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Dillan Shrum hopes to keep dream of playing baseball alive after college

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Dillan Shrum (Nevada Athletics)

Despite leading the nation in batting average, slugging percentage and OPS, Nevada first baseman Dillan Shrum wasn't named to Collegiate Baseball's All-American team Thursday. But don't go looking for incendiary quotes from Shrum on that snub. He's just happy the Wolf Pack is still playing baseball in June.

“I know it’s great to have those accolades and everything, but just having the things that I’ve had through the years has definitely humbled me," Shrum said on the eve of Nevada's NCAA Regional game against UC Irvine on Friday at 6 p.m. at Sunken Diamond in Palo Alto, Calif. "I definitely came a far ways from where I was when I first started playing baseball. I never thought in a million years I’d still be playing college baseball and possibly having a future after this. Honestly, just every day I’m very grateful for where I’m at.”

Shrum has overcome a litany of injuries during his Wolf Pack career, including three surgeries during his time in college. Now in his fifth season at Nevada after last year was cut short by the COVID-19 pandemic, Shrum had his best season yet, hitting .479 and slugging .992. He smacked 15 homers and 15 doubles in 33 games and drove in 47 runs while scoring 35 times.

Despite not earning All-American honors Thursday, he was named the MW's Tony Gwynn Player of the Year.

“Honestly, I was in shock,” Shrum said of receiving that award. “I found out as we were coming off the bus, driving over to practice. I knew there was small glimpse I might have had a shot. I was just surprised to see that. I’m very thankful.”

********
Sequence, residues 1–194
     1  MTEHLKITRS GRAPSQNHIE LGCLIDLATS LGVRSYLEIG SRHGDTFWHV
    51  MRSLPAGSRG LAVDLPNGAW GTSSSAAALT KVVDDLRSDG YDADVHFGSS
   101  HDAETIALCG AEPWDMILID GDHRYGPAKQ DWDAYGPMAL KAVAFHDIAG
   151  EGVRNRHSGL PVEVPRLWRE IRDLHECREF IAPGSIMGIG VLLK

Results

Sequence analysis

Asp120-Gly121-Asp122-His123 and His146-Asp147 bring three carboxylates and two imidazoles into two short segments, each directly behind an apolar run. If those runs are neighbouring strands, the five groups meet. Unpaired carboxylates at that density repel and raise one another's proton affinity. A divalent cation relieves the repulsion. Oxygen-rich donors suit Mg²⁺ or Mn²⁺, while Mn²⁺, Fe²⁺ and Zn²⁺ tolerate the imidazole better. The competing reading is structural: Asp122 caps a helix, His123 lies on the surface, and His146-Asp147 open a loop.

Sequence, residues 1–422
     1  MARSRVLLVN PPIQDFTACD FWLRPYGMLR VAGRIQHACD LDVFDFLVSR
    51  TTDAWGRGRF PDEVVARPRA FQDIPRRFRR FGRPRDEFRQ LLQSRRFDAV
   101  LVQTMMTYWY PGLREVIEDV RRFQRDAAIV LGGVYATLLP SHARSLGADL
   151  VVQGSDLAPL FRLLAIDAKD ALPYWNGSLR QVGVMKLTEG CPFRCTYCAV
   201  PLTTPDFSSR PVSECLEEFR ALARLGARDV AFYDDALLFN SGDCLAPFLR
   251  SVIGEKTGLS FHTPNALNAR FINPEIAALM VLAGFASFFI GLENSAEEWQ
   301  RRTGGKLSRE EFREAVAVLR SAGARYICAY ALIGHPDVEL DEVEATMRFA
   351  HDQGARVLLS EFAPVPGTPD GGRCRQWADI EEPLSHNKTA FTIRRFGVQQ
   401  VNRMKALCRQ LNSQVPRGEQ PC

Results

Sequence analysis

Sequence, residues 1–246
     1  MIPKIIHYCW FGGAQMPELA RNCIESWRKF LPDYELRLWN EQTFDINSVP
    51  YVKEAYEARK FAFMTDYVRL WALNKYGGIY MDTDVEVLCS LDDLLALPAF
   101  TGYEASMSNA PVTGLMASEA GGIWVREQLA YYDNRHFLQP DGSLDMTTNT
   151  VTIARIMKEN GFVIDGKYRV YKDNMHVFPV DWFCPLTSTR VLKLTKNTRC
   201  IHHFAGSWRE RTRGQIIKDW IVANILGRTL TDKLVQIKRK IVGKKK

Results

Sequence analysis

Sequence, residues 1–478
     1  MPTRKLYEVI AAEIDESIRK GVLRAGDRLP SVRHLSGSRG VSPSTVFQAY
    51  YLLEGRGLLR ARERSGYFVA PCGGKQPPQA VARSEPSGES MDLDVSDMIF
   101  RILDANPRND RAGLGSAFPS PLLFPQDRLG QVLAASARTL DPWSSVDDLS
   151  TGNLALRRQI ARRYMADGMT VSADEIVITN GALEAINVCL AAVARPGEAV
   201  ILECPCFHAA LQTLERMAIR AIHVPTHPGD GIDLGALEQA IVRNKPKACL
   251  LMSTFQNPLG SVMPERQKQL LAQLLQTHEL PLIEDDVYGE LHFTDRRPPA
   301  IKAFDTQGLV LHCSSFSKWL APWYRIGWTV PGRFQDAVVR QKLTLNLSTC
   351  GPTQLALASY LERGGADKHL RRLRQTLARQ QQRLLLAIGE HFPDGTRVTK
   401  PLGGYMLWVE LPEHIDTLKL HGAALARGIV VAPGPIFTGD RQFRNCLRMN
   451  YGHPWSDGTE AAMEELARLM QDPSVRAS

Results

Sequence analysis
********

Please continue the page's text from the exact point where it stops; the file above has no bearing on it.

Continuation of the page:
Shrum also was the Wolf Pack's top male scholar-athlete in all sports this year and wants to be a surgeon in the future thanks to all of the injuries he's had to overcome. But his more immediate goal after college is to try and have a pro career, a dream that's more realistic after his breakout senior season.

“There’s always that glimpse of hope to keep playing and all that stuff," Shrum said. "Since I was four years old this is what I’ve always wanted to do. I’d be an idiot if I didn’t want to further my baseball going forward.”

Shrum said he plans to achieve that dream by sticking to the same formula that made him one of the nation's top hitters this season.

“Just hard work,” Shrum said. “As much as this is an individual award, it’s more of a team award to me because showing up every day and being around all the guys, having them push me to be the person I know I can be when you’re in your lowest of lows and highest of highs, it’s more of a team award than an individual award."

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